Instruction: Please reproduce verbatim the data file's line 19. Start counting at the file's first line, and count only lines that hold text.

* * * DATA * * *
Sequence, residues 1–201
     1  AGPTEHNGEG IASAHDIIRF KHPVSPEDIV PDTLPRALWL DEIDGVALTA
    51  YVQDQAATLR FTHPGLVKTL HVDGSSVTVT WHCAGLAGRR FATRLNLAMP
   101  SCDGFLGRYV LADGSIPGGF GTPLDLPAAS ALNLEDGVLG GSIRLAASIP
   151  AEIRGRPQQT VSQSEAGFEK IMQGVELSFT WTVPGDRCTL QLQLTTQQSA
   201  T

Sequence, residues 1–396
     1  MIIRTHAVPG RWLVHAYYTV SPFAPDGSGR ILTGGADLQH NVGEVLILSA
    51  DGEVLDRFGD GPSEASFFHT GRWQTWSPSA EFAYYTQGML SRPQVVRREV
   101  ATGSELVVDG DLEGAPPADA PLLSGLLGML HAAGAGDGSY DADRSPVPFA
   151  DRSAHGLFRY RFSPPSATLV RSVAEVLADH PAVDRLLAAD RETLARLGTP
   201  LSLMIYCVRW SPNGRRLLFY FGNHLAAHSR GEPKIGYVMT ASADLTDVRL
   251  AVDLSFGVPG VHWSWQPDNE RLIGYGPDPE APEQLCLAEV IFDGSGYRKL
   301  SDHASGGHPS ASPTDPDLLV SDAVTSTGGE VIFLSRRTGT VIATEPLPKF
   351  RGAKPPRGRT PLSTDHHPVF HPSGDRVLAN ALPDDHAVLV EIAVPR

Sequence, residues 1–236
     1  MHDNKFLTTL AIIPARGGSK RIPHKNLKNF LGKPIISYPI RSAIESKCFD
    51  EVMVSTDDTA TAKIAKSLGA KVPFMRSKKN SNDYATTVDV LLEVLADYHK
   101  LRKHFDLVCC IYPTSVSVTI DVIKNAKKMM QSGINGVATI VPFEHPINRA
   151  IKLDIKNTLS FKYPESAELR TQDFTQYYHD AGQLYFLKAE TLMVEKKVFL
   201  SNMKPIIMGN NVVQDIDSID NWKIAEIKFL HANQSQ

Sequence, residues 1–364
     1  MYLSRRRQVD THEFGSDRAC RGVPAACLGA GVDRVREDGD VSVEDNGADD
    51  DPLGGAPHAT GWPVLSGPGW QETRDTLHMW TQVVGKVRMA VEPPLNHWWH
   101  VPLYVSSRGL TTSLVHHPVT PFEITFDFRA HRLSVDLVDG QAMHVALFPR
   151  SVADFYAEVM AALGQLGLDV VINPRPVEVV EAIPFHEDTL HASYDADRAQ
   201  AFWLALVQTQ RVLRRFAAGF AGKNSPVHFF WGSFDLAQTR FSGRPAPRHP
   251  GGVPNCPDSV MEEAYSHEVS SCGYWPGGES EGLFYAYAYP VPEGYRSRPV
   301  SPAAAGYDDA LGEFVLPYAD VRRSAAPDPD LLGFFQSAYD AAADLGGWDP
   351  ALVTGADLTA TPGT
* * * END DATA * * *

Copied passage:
   101  LRKHFDLVCC IYPTSVSVTI DVIKNAKKMM QSGINGVATI VPFEHPINRA